Although you said that you are not seeking to “convert” Craig, I think I hear in your letter what might be a desire to affirm and verify your own view of the world by convincing him to adopt that view. In a similar way, he’s busy trying to affirm and verify his beliefs by convincing you to adopt those beliefs. Examine yourself honestly, and if you find anything like that in yourself, discard it. Affirm and verify your view of the world through your own successful interactions with it, not by seeking consensus with others’ outlooks. If you actually enjoy having those very civil debates with Craig about things like how people can be good without gods, or that life can have joy and meaning without an afterlife, go ahead, but it’s much more important to just live that way in front of him. Demonstrate it daily in how you behave and interact with the world, but do it not so much to have a good effect on him as to have a good effect on you.
Although you currently find Craig’s efforts to save your soul a flattering gesture of his genuine concern, it is definitely going to get old. You said that it is already causing some tension between you. I think it will soon become an annoyance, and then a source of serious friction.
Consider that he might not be operating alone. It is quite possible that someone is encouraging or coaching him to try to convert you. You have consulted an outside source, me. He may have consulted an outside source as well. Converting people is what Evangelicals love to do. Sadly, sometimes a prospective convert becomes less and less a person in their eyes, and more and more a goal, a score, a trophy to win. If you are beginning to feel that he is recognizing or respecting your individuality less as he concentrates more on the abstract idea of your soul, then it is time to gently but firmly set down some boundaries.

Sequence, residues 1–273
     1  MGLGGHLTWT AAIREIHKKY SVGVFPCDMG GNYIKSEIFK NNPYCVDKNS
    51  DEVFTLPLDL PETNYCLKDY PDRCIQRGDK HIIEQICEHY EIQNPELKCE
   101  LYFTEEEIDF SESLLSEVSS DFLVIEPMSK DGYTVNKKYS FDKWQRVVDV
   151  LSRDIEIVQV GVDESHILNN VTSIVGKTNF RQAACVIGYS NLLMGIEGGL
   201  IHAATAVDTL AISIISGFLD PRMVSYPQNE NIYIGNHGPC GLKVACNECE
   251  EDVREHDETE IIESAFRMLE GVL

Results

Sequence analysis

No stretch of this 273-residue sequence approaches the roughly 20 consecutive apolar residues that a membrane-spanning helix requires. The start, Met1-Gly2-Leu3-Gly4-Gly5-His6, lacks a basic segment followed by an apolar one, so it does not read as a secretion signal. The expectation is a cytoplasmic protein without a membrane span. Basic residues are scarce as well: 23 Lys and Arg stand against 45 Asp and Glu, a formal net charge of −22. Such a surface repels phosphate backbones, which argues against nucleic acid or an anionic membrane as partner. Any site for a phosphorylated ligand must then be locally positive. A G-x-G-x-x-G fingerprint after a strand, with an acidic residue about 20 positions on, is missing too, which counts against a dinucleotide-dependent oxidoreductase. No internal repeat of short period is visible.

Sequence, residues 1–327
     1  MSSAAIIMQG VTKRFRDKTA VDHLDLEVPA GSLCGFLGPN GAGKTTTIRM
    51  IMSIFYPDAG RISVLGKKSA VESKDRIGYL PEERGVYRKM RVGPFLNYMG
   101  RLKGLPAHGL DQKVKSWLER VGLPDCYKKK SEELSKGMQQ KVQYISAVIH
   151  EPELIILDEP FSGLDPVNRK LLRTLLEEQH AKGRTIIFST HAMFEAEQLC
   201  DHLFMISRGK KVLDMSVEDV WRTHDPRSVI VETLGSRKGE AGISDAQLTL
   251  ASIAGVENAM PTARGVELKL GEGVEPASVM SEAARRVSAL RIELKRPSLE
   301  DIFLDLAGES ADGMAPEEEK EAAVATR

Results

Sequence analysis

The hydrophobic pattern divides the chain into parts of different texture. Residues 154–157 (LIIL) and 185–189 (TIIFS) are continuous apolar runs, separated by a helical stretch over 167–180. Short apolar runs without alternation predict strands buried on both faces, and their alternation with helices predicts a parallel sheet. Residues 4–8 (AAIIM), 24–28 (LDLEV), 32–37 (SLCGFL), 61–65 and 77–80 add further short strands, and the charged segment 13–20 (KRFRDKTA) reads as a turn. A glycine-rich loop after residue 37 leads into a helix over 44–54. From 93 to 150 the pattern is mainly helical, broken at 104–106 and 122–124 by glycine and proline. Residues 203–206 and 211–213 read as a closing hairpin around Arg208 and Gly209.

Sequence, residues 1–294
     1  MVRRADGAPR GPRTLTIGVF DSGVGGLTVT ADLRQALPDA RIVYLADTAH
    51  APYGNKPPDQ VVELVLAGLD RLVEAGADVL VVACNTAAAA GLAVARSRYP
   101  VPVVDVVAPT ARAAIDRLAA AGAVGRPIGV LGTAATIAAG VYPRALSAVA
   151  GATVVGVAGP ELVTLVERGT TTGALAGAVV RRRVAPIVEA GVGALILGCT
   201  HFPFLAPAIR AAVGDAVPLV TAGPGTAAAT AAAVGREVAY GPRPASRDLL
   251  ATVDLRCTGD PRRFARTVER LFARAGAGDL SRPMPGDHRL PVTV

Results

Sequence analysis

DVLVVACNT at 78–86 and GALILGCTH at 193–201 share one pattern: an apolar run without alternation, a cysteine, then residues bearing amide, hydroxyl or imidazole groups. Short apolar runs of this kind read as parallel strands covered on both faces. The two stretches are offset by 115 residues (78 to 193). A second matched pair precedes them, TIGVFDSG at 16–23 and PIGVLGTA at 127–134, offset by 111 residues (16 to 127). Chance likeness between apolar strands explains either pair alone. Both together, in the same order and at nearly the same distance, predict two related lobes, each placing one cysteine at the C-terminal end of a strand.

It is completely legitimate in a friendship to have boundaries. Good friends, like good neighbors, have good fences. Setting a few limits can be as important for friendships as opening up other areas of interaction. Don’t be afraid to frankly and overtly tell him when you have had enough of the proselytizing. You can do it politely and respectfully, but your own comfort, integrity, and self-respect should never have to be sacrificed to preserve this friendship.
We teach others how to treat us, and a good method is to teach with a combination of example and instruction. If you want Craig to accept you as you are, model that for him by accepting him as he is. Accept the fact that he sees life and the world with a more negative vocabulary at this point in his life, and that might improve as he matures. At the same time, you can also assert in a gentle but straight forward way that he must accept you as you are:
“This is me. I come as-is. I’m not clay for you to mold or a soul for you to save. If the god you believe in is all wise and all powerful, then he knows far better than you what I need in that regard, and he is far more capable than you to get it done. It’s not up to you. Practice the faith to leave up to him the soul only he can save, and practice the respect to leave up to me the life only I can live.”
Speaking of opening up other areas of interaction, I strongly suggest that you avoid letting this become a romantic/sexual relationship. You find him caring, intelligent, and genuinely kind, and those qualities are clearly abundant in you. These traits are very attractive. The intoxication of initial romantic and sexual love would gloss over all your differences for a while, but they will still be there after the neurochemicals level off. By then you will both have much deeper emotional investments and vulnerabilities, and the differences that are causing only tension now will likely culminate in heartache.
I hope that the two of you can navigate your way through this challenge. Your friendship sounds like it is beneficial for both of you, if you can keep it open, honest, accepting, frank, and mutually respectful. Please feel free to write again to let us know how things have developed.
Related posts about atheists with religious friends:
Ask Richard: My Friend’s Religiosity is Becoming More Strange
Ask Richard: My Friend is Questioning Her Faith
Ask Richard: Should I Help My Christian Friends Keep Their Faith?